2. Emotional: How would we like to be spoken to? What sorts of feedback feels good to us, and what is unnecessarily hurtful? Can we allow other people to feel sad, angry, hurt, or fearful, without needing to “fix” them in some way? Can we allow ourselves to feel sad, angry, hurt, or fearful, without blaming it on anyone or anything else? Can we choose what we’re ready to share about our inner life with another person, at a pace that honors the safety and trustworthiness of the relationship?
3. Intellectual/mental: Can we respect other people’s viewpoints and ways of seeing the world, even if we strongly disagree? Can we respect that other people want to do things differently, have different preferences, and may understand certain concepts and situations differently than we do? This can be especially challenging in situations involving politics that we feel strongly about it, or if we feel we know "best" about how to do or see something.
4. Spiritual: Can we allow others to have their chosen spiritual life (or lack thereof), without feeling the need to change them, convince them of their wrongness, or force them to see things differently? Do we honor our own need for spiritual engagement or lack thereof, without needing to explain, justify, or rationalize our chosen belief system? Do we respect our need to honor our spiritual values instead of letting them take a backseat to our more everyday concerns?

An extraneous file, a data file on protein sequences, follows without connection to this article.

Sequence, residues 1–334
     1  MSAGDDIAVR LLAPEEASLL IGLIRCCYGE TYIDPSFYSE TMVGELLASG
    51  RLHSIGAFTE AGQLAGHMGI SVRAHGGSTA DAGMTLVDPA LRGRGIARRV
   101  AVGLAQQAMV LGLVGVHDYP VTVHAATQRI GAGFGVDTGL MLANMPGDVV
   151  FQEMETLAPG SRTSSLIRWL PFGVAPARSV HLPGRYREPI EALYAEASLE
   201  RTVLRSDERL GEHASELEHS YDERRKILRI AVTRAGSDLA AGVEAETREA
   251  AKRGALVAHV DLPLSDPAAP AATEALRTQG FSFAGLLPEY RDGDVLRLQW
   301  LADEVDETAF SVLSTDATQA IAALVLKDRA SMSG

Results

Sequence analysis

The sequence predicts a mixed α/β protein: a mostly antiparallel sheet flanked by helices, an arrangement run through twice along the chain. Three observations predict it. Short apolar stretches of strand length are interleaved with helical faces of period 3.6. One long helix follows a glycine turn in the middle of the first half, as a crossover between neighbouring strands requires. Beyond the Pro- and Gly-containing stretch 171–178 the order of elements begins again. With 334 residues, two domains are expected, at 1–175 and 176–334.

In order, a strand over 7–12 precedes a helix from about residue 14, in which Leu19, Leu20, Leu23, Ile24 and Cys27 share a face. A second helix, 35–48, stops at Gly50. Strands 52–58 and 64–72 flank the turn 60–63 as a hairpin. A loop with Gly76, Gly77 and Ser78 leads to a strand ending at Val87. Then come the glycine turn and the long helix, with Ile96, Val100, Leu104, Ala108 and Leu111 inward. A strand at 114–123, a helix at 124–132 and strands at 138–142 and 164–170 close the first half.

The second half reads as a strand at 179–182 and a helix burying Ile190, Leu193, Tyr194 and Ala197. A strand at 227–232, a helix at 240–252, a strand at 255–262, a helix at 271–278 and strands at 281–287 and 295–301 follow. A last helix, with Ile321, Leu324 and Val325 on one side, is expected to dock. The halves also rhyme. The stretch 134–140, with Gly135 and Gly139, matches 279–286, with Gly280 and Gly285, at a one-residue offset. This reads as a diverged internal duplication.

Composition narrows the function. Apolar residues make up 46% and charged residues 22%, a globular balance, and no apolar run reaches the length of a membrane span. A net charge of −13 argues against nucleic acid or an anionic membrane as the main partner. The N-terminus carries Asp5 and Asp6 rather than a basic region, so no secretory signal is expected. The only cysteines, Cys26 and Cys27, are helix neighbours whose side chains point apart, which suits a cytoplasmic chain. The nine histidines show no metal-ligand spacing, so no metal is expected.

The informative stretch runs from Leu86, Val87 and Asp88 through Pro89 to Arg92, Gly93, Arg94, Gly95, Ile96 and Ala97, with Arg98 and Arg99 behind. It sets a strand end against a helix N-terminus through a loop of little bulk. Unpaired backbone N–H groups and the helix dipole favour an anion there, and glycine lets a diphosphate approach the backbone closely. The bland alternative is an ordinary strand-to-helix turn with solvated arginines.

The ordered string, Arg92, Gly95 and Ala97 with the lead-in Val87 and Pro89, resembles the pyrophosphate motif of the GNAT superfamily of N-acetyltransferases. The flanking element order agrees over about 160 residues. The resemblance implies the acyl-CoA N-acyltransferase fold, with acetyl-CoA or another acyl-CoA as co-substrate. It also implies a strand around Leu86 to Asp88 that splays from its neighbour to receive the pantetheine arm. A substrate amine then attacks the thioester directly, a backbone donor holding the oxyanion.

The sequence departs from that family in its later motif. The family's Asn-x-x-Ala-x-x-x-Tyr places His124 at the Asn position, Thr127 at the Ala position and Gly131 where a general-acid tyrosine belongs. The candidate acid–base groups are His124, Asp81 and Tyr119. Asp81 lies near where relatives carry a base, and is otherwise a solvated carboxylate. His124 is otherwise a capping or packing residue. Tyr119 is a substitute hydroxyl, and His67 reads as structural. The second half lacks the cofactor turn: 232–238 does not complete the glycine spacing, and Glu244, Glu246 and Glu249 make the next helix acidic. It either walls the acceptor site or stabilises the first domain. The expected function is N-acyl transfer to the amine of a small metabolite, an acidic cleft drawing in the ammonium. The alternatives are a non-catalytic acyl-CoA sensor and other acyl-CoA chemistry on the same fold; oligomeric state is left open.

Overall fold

5. Energetic: What kind of people do we want to be around, and what kind of people are toxic to us—and can we honor the need to chose our relationships carefully? If we can’t choose the relationship, can we arrange ourselves in a way so that we minimize contact with the unhealthy other? What sort of spaces and situations do we repeatedly find ourselves in—are they chaotic, confusing, abusive, and messy, or loving and joyful? The energetic boundary is closely related to physical and emotional boundaries. You may feel violated energetically if, for example, you are visually “sized up” by another person, or you find that someone has looked through your personal belongings or space without permission.
Oftentimes, our boundaries change over time, as we develop emotionally. Many people in early recovery from trauma, addiction, or substance abuse find that they need to uncover or develop their personal boundaries, to both protect them from relapse or further traumatization, and to encourage emotional growth.
I’ll post on How to Set Healthy Boundaries in the coming weeks. Stay tuned!